But during the exposition's 20-day trial period, the 450,000 visitors had a 78 percent satisfaction rate, and what they saw, says Taipei City Acting Deputy Mayor Allan Chu, was just a "sneak preview."

"Just wait until the grand opening. It will be like seeing a woman on her wedding day, all perfectly made-up and ready to present her most gorgeous self to the world," he said.

Political mudslinging aside, however, the expo has been the target of criticism from other quarters. Flower industry representatives contend that Taipei City, though well-intentioned, "completely missed the boat" because the expo will do little for flower farmers and the city's development.

One of them is Lin Chun-hung, the director of the Taipei City Landscape and Floriculture Commerce Association, who was part of the group of Taiwanese flower retailers that lobbied the AIPH for the right to host the event.

He commended the hard work of Mayor Hau Lung-bin and his team but called the idea of having Taiwanese plants make up 90 percent of expo's displays a "big mistake."

"An international expo should give flower farmers and vendors of the host country a chance to see flowers from around the world. It is intended to be an opportunity for flower growers from around the world to exchange ideas and techniques," he said.

"Using mostly locally grown flowers defeats the purpose of having an international expo."

Another purpose of a flower expo, he said, should be to help jumpstart the development of an area, which is why previous expos such as the ones held in Thailand, Germany, and Japan were all located on the outskirts of cities rather than in the heart of a city like the upcoming expo in Taipei.

"In the past, once the expo ended, the plants and related architecture usually remained in place as part of the area's basic infrastructure. But our expo is being held in the middle of an already overdeveloped city. We basically wasted a good chance to develop a part of country that needed shaping up," he said.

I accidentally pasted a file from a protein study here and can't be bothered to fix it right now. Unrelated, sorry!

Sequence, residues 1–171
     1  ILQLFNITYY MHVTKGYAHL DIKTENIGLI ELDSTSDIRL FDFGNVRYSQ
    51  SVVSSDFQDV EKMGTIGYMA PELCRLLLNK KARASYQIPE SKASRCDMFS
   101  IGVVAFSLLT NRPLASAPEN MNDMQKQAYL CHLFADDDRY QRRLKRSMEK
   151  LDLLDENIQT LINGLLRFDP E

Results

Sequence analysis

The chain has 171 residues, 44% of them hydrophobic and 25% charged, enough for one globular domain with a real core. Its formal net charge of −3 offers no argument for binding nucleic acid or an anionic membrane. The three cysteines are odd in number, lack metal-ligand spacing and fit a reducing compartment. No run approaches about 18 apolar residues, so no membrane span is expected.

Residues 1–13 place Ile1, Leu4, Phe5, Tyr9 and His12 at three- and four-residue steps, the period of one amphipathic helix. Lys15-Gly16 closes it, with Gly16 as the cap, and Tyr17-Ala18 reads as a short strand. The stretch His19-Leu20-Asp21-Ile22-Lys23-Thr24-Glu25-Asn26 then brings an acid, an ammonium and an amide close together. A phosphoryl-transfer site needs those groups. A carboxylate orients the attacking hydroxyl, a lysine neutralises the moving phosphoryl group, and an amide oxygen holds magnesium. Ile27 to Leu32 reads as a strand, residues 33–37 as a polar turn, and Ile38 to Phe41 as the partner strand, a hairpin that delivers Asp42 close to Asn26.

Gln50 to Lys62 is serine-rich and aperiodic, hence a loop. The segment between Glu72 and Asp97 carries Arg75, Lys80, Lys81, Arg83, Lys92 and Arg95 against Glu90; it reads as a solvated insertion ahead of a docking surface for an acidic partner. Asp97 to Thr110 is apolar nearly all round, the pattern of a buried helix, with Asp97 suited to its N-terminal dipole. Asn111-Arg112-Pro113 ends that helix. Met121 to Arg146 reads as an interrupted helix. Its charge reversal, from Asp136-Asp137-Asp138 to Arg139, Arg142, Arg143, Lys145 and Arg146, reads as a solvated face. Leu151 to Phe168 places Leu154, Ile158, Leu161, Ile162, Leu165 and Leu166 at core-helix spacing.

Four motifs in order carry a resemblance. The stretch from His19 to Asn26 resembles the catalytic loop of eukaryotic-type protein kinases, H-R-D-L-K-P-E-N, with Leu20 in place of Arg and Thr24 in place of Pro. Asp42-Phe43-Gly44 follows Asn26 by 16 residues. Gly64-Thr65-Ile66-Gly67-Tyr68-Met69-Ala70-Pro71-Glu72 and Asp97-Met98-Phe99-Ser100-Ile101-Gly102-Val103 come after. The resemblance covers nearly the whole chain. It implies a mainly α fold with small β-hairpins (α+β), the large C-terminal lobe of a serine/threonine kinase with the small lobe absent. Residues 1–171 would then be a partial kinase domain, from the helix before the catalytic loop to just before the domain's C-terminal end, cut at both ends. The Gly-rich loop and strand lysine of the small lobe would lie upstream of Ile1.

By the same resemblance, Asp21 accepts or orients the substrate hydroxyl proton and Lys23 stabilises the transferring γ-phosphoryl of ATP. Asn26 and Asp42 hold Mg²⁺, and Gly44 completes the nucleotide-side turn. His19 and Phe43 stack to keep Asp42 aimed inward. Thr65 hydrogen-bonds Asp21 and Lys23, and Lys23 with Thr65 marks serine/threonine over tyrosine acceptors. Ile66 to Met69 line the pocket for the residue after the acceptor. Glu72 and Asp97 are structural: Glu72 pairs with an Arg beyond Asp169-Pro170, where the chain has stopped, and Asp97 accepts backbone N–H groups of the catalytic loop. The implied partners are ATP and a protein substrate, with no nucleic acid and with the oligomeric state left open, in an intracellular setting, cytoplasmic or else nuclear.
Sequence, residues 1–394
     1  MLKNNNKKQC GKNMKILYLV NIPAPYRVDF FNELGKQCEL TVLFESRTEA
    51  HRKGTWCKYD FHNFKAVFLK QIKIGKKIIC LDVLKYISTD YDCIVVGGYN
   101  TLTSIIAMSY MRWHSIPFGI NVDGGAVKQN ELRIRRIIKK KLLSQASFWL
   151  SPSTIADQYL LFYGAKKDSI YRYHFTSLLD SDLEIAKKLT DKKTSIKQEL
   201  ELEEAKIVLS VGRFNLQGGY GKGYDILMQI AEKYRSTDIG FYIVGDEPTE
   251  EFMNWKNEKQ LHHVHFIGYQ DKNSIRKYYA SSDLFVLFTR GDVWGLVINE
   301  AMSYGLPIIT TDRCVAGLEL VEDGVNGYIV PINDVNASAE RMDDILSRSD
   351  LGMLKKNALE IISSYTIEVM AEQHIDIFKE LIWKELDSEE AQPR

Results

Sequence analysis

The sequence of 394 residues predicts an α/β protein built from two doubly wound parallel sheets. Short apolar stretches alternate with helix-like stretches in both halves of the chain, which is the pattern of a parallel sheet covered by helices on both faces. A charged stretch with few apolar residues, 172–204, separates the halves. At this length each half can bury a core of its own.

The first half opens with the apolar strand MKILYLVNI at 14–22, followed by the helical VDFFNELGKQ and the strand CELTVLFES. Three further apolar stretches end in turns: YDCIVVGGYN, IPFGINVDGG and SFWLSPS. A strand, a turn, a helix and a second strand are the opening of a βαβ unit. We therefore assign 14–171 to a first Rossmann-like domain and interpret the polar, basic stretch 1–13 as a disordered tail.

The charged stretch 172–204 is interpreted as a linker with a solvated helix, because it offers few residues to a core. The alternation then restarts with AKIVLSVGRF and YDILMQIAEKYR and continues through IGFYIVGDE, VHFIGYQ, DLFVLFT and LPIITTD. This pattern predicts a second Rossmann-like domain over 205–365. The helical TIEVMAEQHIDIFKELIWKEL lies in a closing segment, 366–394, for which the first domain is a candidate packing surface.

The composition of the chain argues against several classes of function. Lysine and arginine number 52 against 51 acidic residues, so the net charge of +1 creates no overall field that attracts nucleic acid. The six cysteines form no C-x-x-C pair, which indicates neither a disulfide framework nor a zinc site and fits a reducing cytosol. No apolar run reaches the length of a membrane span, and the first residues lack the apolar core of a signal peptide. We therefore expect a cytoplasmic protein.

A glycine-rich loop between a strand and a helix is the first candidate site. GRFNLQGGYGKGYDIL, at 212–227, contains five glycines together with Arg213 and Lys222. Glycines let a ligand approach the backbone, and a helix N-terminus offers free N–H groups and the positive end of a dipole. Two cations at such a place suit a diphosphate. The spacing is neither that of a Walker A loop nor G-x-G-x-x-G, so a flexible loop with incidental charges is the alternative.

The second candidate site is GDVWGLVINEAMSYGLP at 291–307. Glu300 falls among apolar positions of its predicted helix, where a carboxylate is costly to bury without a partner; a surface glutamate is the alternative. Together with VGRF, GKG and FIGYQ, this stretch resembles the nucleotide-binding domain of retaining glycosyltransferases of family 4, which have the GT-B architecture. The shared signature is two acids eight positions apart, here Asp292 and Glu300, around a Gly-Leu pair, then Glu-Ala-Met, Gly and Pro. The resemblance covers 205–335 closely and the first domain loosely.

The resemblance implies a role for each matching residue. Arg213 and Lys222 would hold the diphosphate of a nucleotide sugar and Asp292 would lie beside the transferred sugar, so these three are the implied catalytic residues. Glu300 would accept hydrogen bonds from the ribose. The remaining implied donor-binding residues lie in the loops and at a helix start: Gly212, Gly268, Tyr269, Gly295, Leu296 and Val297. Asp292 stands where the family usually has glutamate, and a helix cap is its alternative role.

According to the organizing committee, the original plan was, in fact, to hold the expo in Taipei's less-developed Guandu area to the northwest of the city, but the idea had to be dropped because of disputes with local landowners.

After the expo, none of the pavilions will be destroyed and all but one will remain in their current location. The buidlings will be converted into exhibition halls for government agencies such as the Council of Agriculture and the Ministry of Economic Affairs.

Some other naysayers argue that the expo should not have been held in the autumn and winter, but rather in the spring when the flowers are in full bloom.

Not so, said Lee Tsang-yu, the director of the Taiwan Orchid Growers Association. He said that because of Taiwan's unique geography and seasonal changes, November to April is the best time of the year to see flowers in Taiwan because of its mild winter.

"Japan held its floral expo in April because anytime before that would have been too cold for the flowers and visitors. But Taiwan is just the opposite. If we waited until after April, the summer heat would kill off the plants very quickly," he contended.

As a member of the expo planning committee, Lee said he was hoping that the expo would be as successful as expected because of its importance to Taiwan's national image.

But he acknowledged that the exposition still had many flaws because of the rush to put it together.

"Two years is not enough time to plan and build an exposition of this size, " he said. "What we need to do now is resolve as many problems as possible in the shortest time to achieve a perfect ending."

Updated : 2021-05-07 01:13 GMT+08:00